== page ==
When Hank fails to show up to work the next day, the others learn he broke up with his girlfriend, and speculate he may have won money gambling and left town. An additional worker, Craig McManus, is hired to take Hank's place. During working hours, Gordon repeatedly attempts to contact his wife, Wendy, but she screens his calls. He confides in Phil that he slapped her after she inadvertently splashed him with a pot of boiling water, and that she refuses to answer his calls or let him see their infant daughter. In a stairwell in the hospital, Jeff witnesses Hank staring out a window wearing sunglasses, talking to himself. When Jeff retrieves the others, Hank has vanished.

The men split up to search for Hank, while Mike instead is compelled to continue listening to the tapes. Jeff and Phil separately descend into the tunnels to search for Hank; Phil finds him, half-nude, still wearing sunglasses, and muttering to himself. Shortly after, the generator runs out of fuel, leaving Jeff trapped in absolute darkness. Mike restores the electricity and continues listening to the ninth session tape, which reveals that one of Mary's malignant personalities, "Simon," was responsible for her stabbing her little brother and parents to death. Meanwhile, Phil finds Gordon in Mary's former hospital room, staring at photos from his daughter's baptism which he has pasted to the wall. Jeff subsequently emerges from the tunnels, resurfacing in an outbuilding, and is attacked by an unseen assailant at the company van.

The following day, Gordon arrives at the hospital and finds Hank wrapped in plastic sheeting in one of the rooms, the lobotomy pick protruding from his eye. Gordon is confronted by Phil, who repeatedly tells him to "wake up" before vanishing in front of him. Craig enters the room and witnesses Gordon standing over Hank, who is barely alive. Gordon attacks Craig, forcing him in a headlock before pulling the lobotomy pick from Hank's eye socket and stabbing it into Craig′s. Gordon, in a dissociated state, proceeds to find the bodies of each of his crew members lain out in various rooms in the hospital, and recounts his murdering each of them. He also recalls his killing Wendy, his infant daughter, and pet dog after Wendy spilled the boiling water on him.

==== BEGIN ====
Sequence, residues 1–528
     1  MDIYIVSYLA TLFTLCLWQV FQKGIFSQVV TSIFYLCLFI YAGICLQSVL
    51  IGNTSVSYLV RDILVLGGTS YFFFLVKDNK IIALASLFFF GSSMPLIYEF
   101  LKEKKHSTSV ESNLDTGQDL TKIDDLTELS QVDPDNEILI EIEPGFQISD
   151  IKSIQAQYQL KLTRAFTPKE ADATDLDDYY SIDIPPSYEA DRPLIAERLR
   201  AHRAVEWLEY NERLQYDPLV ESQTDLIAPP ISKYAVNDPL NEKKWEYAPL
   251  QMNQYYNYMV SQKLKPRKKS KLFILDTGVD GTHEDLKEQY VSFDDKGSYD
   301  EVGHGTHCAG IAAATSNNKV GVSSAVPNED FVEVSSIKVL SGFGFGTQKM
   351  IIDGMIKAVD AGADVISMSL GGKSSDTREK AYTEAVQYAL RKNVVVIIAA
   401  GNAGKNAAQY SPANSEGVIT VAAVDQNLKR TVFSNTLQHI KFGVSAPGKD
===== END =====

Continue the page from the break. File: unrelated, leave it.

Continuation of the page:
Distraught, Gordon confusedly attempts to call his home to apologize to Wendy. As he stares at the bloody scene, an excerpt from the ninth session tape plays: During it, Mary's doctor asks her, "And where do you live, Simon?" to which "Simon" responds: "I live in the weak and the wounded, Doc."

CastEdit

Conception and productionEdit

Session 9 was director Brad Anderson's first horror film, after directing two romantic comedy films, Next Stop Wonderland (1998) and Happy Accidents (2000). The film was inspired by a murder that took place in Boston, where Anderson grew up, in the mid-1990s, in which a man supposedly killed his wife after she accidentally burnt his dinner, then cut out her heart and lungs and put them in his backyard on a stake. Based on the Richard Rosenthal case.[5]